Chemical Root Pruning Improves the Root System Morphology of Containerized Seedlings
Abstract:Douglas-fir (Pseudotsuga menziesii var. glauca) ponderosa pine (Pinus ponderosa var. ponderosa), and western white pine (Pinus monticola) where chemically root pruned with cupric carbonate (CuCO3) during greenhouse production. The interior walls of Styroblock 4A® and Ray Leach® pine cell containers (each 66 cm³) were coated with latex paint containing CuCO3 at concentrations of 0, 30, 100, or 300 g/l. Seedlings were potted after one growing season, initiating a standard root growth potential test (Duryea 1984). The number and length of new roots more than 1 cm in length were measured. Seedling root systems increased in total root number and length, especially in the upper segments of the root plug, as a result of chemical root pruning. Seedling height and caliper were unaffected by the cupric carbonate treatments during the production phase, and a latex paint carrier did not decrease seedling growth. West. J. Appl. For. 4(1):15-17, January 1989.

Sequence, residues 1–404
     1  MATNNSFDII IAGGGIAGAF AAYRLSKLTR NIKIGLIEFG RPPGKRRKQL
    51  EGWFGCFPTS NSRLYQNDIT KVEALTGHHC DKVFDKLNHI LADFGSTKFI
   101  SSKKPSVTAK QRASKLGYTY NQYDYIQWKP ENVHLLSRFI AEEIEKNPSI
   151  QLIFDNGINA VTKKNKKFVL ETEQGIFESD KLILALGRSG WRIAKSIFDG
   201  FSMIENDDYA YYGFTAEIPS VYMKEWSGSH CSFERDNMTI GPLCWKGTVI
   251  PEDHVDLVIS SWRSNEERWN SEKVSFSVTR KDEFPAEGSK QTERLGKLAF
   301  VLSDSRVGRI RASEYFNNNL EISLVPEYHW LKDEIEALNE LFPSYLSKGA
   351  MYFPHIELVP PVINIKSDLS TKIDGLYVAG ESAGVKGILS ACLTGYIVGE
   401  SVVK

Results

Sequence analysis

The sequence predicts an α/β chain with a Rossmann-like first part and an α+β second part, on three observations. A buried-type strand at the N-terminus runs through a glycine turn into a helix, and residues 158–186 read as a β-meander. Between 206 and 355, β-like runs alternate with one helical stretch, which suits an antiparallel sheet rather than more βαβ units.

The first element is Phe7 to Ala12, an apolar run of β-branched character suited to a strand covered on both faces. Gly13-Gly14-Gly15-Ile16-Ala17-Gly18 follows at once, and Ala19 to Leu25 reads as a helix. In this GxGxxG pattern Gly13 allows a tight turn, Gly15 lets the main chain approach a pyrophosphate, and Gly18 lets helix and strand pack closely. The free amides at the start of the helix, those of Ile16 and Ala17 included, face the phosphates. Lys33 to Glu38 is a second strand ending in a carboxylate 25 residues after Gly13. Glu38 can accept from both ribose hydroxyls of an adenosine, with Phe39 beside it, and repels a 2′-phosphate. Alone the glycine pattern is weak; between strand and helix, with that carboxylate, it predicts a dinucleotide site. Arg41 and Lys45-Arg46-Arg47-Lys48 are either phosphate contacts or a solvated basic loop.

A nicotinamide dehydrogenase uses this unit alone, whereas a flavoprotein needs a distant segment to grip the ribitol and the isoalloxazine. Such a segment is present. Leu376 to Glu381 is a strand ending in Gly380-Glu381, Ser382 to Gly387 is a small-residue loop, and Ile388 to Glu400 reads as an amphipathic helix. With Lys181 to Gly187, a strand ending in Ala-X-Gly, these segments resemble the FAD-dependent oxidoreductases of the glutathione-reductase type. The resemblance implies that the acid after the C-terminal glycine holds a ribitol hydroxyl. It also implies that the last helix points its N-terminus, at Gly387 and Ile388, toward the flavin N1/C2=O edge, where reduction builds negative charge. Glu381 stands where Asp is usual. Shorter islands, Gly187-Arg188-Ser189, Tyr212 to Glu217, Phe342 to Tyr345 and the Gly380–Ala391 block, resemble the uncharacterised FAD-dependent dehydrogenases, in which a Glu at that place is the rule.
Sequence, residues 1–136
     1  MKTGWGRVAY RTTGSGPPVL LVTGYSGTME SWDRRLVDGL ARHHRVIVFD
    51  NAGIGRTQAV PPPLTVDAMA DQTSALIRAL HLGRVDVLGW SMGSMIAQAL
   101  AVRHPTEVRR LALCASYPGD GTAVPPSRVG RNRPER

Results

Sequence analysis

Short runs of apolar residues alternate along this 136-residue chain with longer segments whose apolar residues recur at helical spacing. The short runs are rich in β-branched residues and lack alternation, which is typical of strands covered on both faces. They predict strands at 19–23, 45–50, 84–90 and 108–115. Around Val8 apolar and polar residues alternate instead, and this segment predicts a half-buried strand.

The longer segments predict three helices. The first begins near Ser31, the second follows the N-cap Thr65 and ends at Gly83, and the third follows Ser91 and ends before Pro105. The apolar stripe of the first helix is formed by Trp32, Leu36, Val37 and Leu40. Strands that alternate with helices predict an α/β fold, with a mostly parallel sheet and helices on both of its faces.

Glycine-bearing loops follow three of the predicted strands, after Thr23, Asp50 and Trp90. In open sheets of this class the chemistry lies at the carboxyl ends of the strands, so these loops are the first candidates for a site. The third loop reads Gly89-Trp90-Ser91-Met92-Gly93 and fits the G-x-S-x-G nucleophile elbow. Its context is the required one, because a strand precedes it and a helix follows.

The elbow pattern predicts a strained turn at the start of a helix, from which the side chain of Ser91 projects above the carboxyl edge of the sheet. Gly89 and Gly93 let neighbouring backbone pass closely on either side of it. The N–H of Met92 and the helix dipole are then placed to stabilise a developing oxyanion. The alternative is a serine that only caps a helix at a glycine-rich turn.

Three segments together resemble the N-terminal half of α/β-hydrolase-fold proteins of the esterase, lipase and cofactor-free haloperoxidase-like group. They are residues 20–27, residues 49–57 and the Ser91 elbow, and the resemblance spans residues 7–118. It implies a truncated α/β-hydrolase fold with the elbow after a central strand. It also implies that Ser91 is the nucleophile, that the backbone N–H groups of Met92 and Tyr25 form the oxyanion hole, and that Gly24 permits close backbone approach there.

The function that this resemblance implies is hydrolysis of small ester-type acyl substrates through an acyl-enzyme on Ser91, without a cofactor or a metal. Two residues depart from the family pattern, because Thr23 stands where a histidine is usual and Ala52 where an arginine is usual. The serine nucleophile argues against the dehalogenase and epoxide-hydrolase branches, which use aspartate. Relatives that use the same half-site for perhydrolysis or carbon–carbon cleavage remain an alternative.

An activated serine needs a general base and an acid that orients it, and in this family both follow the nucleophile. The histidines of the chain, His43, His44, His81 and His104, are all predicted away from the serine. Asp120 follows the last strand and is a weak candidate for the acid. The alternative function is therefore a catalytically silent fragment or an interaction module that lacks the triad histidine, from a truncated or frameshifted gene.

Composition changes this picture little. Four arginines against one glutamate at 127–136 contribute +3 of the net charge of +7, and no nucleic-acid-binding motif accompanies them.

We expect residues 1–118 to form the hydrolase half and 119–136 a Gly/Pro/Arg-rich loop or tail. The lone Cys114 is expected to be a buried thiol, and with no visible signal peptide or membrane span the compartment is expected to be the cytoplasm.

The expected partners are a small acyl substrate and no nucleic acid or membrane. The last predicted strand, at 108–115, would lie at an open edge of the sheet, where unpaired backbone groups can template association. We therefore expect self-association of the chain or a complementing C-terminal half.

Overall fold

Document Type: Journal Article
Affiliations: Department of Forest Resources, Research Nursery, University of Idaho, Moscow, 83843
Publication date: January 1, 1989
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- Each regional journal of applied forestry focuses on research, practice, and techniques targeted to foresters and allied professionals in specific regions of the United States and Canada. The Western Journal of Applied Forestry covers the western United States, including Alaska, and western Canada; WJAF will also consider manuscripts reporting research in northern Mexico that has potential application in the southwestern United States.
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